- Differentiate types of research (e.g. experiments, correlational studies, survey research, naturalistic observations, case studies) with regard to purpose, strengths, and weaknesses
- Describe how research design drives the reasonable conclusions that can be drawn (e.g., experiments are useful for determining cause and effect; the use of experimental controls reduces alternative explanation).
- Identify independent, dependent, confounding, and control variables in experimental designs.
- Distinguish between random assignment of participants to conditions in experiments and random selection of participants, primarily in correlational studies and surveys.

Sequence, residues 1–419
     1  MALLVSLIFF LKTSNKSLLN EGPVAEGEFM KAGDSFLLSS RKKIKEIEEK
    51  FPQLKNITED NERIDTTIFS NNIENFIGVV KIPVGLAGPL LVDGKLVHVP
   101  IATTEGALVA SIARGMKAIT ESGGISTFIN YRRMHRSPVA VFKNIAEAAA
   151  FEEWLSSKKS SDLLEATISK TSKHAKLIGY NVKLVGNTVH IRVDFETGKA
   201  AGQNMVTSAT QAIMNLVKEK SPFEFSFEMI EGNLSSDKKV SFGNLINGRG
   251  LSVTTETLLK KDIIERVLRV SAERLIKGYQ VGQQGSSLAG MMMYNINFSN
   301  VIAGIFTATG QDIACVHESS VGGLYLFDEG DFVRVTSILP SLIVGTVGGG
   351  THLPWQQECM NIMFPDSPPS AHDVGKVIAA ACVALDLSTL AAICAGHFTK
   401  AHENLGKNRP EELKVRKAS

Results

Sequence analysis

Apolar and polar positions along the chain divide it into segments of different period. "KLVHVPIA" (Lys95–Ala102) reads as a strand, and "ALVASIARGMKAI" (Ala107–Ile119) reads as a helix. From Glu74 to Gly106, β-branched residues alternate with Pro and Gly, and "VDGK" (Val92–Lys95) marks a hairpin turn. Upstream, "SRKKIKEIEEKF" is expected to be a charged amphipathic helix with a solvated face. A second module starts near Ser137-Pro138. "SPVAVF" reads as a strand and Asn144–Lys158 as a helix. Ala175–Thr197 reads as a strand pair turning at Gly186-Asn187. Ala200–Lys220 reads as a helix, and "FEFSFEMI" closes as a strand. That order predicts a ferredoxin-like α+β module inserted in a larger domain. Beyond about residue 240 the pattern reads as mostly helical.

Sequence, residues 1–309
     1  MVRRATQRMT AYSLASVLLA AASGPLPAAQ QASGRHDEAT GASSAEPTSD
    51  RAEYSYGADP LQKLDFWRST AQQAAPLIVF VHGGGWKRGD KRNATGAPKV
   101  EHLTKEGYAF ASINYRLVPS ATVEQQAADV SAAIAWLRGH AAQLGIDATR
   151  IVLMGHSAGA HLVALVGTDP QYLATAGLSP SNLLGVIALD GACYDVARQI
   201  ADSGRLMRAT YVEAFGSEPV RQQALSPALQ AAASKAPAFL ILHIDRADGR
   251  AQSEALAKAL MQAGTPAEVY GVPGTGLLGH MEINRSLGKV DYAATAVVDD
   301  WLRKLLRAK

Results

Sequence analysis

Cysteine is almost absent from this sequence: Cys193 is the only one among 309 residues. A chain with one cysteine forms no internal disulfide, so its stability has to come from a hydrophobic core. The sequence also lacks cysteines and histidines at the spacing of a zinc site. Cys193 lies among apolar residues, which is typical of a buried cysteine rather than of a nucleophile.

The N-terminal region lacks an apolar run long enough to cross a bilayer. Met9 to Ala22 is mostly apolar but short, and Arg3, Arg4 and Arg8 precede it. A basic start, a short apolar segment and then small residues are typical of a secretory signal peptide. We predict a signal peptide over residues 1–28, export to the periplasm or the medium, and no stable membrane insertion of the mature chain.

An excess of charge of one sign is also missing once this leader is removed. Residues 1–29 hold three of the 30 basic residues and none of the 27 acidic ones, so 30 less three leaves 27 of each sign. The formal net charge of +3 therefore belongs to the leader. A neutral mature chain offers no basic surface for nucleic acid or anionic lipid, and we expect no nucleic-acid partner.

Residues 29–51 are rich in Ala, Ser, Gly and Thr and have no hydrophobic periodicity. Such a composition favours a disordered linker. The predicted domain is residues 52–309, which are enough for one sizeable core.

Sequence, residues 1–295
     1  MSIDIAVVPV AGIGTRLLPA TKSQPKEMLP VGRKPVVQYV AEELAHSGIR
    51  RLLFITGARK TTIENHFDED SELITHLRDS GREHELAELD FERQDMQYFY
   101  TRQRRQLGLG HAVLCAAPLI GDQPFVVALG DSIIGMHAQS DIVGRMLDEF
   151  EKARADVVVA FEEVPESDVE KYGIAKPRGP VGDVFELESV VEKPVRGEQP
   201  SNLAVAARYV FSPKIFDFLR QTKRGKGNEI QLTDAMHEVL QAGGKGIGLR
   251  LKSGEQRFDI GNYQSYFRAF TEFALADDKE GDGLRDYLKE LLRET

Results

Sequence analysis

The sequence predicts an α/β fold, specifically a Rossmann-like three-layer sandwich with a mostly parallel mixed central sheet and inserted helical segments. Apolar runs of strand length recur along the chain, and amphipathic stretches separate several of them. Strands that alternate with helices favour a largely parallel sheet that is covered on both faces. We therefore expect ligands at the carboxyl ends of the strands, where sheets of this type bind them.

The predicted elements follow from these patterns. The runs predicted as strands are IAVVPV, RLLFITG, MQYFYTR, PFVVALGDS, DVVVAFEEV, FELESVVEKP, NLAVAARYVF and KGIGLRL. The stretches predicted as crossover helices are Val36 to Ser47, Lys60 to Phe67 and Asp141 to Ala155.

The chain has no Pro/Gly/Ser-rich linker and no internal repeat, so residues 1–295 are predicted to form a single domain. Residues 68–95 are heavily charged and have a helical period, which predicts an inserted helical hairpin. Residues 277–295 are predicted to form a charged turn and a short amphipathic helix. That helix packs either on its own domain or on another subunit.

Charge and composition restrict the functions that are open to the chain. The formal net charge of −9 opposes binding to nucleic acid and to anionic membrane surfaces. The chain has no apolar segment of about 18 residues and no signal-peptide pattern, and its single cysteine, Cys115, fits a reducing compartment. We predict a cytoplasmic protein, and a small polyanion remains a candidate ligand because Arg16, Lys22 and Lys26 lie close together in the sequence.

- Predict the validity of behavioral explanation based on the quality of research design (e.g., confounding variables limit confidence in research conclusions).
- Distinguish the purposes of descriptive statistics and inferential statistics.
- Apply basic descriptive statistical concepts, including interpreting and constructing graphs and calculating simple descriptive statistics (e.g., measures of central tendency and standard deviations)
- Discuss the value of reliance on operational definitions and measurement in behavioral research.
- Identify how ethical issues inform and constrain research practices.
- Describe how ethical and legal guidelines (e.g., those provided by the American Psychological Association, federal regulations, local institutional review boards) protect research participants and promote sound ethical practice.
- Do not panic!
- Watch the video below and contact me if you have any further questions.